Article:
I remember sitting in my car years ago, waiting for my child to finish another Bar Mitzvah lesson. It was always a tedious hour, for him and for me. Until one day he discovered there actually was meaning tucked deeply behind all those Hebrew words. And he … Continue reading Nora Ephron
do you ever have that thing
where you see
three green dots
I used to be a travel blogger. For years I had fourteen fabulous followers, thirteen of whom were my friends. I’m not sure who the fourteenth was except I really dug his loyalty. Anyway, I was kind of erratic with my blog and when I quit I don’t think anyone actually noticed.
This week I went back to travel blogging. And realised how much I love it.
And now I am conflicted.
Sex or travel?
I could write about the man I just stood behind in the Checkers queue who was wearing a flannel shirt, had great stubble, was drop dead gorgeous and asked for my number.
Or I could write about Varanasi, which was the last leg of our Indian trip.
And really, I want to write about Varanasi.
But I can’t!
Because it is the most impossible city to describe. It’s that place where you walk in silence because words don’t fit. It’s where life and death are one, where everything melds together, where nothing but everything makes sense.
And it’s somehow surprisingly grounding.
In Varanasi there are no secrets. Women bathe in their saris in the Ganges. Holy men dip, naked, in the Ganges. Pilgrims pray and meditate. Bodies burn. Dogs, goats and cows amble alongside the bodies. Kids swim. And play cricket. Women do laundry. Everyone’s calm. They seek. They wander. And they die.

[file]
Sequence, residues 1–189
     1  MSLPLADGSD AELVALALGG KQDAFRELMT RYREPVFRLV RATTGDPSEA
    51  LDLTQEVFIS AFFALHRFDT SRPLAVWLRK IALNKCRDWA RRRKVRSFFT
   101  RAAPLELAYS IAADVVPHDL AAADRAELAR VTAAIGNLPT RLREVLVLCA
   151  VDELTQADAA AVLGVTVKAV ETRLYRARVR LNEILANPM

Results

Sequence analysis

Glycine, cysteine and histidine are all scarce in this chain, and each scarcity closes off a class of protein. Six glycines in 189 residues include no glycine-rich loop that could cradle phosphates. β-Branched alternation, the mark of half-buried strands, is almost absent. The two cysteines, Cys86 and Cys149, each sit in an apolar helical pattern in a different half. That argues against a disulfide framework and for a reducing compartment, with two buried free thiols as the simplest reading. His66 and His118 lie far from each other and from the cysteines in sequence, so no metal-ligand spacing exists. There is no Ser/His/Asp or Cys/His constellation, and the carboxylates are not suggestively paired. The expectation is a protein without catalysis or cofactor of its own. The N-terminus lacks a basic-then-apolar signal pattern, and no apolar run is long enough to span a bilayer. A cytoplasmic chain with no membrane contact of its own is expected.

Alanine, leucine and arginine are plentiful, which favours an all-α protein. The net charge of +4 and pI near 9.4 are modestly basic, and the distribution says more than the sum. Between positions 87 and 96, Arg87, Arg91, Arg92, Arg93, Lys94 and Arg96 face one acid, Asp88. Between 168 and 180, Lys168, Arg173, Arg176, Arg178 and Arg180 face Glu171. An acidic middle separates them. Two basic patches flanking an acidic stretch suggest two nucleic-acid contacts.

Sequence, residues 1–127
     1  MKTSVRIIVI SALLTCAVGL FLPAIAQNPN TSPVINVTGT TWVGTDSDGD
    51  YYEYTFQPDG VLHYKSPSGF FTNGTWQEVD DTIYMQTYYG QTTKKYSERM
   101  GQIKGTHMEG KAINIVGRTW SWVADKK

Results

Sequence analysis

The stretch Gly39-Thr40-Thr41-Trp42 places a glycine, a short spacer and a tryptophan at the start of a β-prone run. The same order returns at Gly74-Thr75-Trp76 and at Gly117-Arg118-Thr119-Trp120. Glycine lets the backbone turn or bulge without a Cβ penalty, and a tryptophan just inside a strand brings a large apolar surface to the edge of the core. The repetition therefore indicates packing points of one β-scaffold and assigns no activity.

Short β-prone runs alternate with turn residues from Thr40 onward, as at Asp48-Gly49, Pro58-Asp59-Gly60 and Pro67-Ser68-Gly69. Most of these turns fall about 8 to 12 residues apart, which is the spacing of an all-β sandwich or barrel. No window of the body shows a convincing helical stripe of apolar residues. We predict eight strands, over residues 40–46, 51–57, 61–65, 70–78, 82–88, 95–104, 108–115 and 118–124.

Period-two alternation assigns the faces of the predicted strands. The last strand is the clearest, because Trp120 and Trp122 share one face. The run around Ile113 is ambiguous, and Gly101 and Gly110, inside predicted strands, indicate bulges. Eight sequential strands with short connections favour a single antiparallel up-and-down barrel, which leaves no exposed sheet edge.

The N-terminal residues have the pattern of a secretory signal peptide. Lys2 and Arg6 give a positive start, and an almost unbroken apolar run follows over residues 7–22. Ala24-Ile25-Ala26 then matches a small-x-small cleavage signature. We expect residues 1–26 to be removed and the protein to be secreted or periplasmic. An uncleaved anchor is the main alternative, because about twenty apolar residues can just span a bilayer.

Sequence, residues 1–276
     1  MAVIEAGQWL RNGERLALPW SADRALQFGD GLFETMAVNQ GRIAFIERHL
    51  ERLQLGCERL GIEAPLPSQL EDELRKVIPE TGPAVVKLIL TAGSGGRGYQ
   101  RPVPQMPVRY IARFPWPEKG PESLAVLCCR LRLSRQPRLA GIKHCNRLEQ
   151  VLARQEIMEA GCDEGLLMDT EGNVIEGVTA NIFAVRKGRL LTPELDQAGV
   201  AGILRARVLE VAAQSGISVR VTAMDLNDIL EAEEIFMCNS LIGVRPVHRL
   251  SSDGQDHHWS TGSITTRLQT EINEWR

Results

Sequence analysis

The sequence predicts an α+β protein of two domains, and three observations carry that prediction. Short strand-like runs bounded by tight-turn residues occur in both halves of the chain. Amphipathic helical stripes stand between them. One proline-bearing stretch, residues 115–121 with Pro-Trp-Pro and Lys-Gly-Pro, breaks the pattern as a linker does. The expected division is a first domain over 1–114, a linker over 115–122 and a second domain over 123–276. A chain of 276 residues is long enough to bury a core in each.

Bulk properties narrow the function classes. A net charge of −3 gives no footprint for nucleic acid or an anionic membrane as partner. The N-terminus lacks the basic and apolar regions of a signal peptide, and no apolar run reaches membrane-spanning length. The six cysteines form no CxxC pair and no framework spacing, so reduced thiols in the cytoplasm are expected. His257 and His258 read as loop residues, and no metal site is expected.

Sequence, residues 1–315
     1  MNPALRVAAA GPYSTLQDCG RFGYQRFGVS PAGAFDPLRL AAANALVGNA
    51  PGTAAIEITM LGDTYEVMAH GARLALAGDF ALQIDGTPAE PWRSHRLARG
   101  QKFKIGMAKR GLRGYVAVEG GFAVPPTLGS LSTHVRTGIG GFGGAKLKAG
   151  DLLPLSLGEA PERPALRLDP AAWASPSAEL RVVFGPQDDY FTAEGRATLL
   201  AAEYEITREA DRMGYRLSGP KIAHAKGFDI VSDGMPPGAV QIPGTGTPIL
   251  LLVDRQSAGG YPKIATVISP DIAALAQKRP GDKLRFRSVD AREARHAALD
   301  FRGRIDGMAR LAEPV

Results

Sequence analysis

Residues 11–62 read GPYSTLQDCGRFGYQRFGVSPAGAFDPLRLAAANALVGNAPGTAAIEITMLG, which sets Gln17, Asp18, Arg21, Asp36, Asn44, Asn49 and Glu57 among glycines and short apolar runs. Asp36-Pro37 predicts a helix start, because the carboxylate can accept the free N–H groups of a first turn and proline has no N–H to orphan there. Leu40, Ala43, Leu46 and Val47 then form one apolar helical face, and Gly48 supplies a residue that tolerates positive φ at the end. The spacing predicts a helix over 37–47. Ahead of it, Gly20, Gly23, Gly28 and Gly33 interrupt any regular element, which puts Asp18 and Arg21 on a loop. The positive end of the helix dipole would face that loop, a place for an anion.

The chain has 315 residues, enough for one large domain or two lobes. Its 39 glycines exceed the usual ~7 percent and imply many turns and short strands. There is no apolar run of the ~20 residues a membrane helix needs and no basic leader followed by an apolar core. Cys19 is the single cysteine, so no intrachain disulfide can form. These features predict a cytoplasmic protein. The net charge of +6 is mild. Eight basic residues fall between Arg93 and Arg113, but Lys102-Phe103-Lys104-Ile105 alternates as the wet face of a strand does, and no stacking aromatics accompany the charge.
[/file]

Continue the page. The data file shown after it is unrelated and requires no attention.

People come to Varanasi to die. To wash away their sins. They come for liberation. They’re at the Ghats, in droves. You’re aware of them. They’re not aware of you.
We spent our days walking, slowly because of the heat but also slowly because there’s a lot to take in. Oddly, between Ghats, we found the best apple pie and ice-cream, little book stores, and the loveliest hand carved goddesses. As well as silk, sweet tea and an endless supply of Kama Sutras.
On our last night we made our way to Keshari, one of Varanasi’s oldest restaurants. Made our way is perhaps the wrong description. We walked, we got lost, we wandered along narrow alleyways, we dodged cows, we dodged cow poo, we walked with the bulls, we got run over, we almost got sold and then – we found a table for two in this very famous restaurant.
It was 44 degrees. There were fans all over the ceiling. The menus were taped to the table; the food was not. We’d ordered a Thali, a large plate with lots of small bowls of Indian offerings. Dal Fry, Baby Corn Masala, Cauliflower Sabzi, Palak Paneer, Steamed Rice, Roti, Naan and Papad.
Papad is a crisp bread, kind of like a papadum. It’s light. The force of the ceiling fan was so strong that our papads went flying. The roti followed. Rice landed in our neighbor’s hair. So did pickles. The serviettes were airborne.
And the food was really hot, like vindaloo on fire hot, and we were both mopping our foreheads, sweating and crying.
We got the giggles.
And the waiters, in their Indian fashion, stood nearby, dead pan, and watched.
It was the funniest, most chaotic meal we’ve had. We ate, tears dripping down our cheeks, everything leaving a trail of destruction around us.
And still not a waiter blinked an eye. When we signalled for the bill, after what was the most insanely haphazard meal, that flew away too. Still no reaction. We left a pile of rupees whirling around the restaurant, grabbed our things and ran out.
We looked for a tuk-tuk. Couldn’t find one. Or a taxi. Or a rickshaw.
Our meal was just like Varanasi.
Tasty. Wild. And totally uncontrollable.
They say people either love or hate the city.
We found it to be just perfect.